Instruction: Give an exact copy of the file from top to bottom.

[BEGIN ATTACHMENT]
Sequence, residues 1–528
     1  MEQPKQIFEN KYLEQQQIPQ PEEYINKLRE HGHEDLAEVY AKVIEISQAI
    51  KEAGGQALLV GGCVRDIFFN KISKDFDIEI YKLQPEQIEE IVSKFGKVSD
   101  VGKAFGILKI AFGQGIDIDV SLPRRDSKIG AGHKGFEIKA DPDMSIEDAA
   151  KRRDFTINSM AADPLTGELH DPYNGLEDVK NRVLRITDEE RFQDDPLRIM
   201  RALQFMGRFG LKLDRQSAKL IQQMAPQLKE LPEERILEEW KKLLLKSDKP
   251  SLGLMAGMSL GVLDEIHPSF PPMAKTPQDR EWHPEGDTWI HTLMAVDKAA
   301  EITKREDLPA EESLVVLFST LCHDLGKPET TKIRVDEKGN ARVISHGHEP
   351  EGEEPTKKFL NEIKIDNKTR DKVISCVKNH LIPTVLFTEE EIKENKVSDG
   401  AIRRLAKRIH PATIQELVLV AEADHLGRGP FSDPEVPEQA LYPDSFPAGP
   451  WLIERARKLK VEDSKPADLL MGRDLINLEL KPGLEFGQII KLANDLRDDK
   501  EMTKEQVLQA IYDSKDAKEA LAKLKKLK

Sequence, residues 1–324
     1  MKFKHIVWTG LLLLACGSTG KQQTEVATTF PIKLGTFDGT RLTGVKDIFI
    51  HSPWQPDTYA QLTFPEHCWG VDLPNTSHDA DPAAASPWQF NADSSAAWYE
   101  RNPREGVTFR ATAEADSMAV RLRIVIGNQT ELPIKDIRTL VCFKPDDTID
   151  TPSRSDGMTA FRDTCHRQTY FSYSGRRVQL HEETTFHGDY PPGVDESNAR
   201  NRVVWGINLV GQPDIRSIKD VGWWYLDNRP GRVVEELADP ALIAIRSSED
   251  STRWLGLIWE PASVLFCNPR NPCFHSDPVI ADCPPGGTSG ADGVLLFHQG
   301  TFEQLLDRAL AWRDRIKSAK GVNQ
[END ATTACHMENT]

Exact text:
Sequence, residues 1–528
     1  MEQPKQIFEN KYLEQQQIPQ PEEYINKLRE HGHEDLAEVY AKVIEISQAI
    51  KEAGGQALLV GGCVRDIFFN KISKDFDIEI YKLQPEQIEE IVSKFGKVSD
   101  VGKAFGILKI AFGQGIDIDV SLPRRDSKIG AGHKGFEIKA DPDMSIEDAA
   151  KRRDFTINSM AADPLTGELH DPYNGLEDVK NRVLRITDEE RFQDDPLRIM
   201  RALQFMGRFG LKLDRQSAKL IQQMAPQLKE LPEERILEEW KKLLLKSDKP
   251  SLGLMAGMSL GVLDEIHPSF PPMAKTPQDR EWHPEGDTWI HTLMAVDKAA
   301  EITKREDLPA EESLVVLFST LCHDLGKPET TKIRVDEKGN ARVISHGHEP
   351  EGEEPTKKFL NEIKIDNKTR DKVISCVKNH LIPTVLFTEE EIKENKVSDG
   401  AIRRLAKRIH PATIQELVLV AEADHLGRGP FSDPEVPEQA LYPDSFPAGP
   451  WLIERARKLK VEDSKPADLL MGRDLINLEL KPGLEFGQII KLANDLRDDK
   501  EMTKEQVLQA IYDSKDAKEA LAKLKKLK

Sequence, residues 1–324
     1  MKFKHIVWTG LLLLACGSTG KQQTEVATTF PIKLGTFDGT RLTGVKDIFI
    51  HSPWQPDTYA QLTFPEHCWG VDLPNTSHDA DPAAASPWQF NADSSAAWYE
   101  RNPREGVTFR ATAEADSMAV RLRIVIGNQT ELPIKDIRTL VCFKPDDTID
   151  TPSRSDGMTA FRDTCHRQTY FSYSGRRVQL HEETTFHGDY PPGVDESNAR
   201  NRVVWGINLV GQPDIRSIKD VGWWYLDNRP GRVVEELADP ALIAIRSSED
   251  STRWLGLIWE PASVLFCNPR NPCFHSDPVI ADCPPGGTSG ADGVLLFHQG
   301  TFEQLLDRAL AWRDRIKSAK GVNQ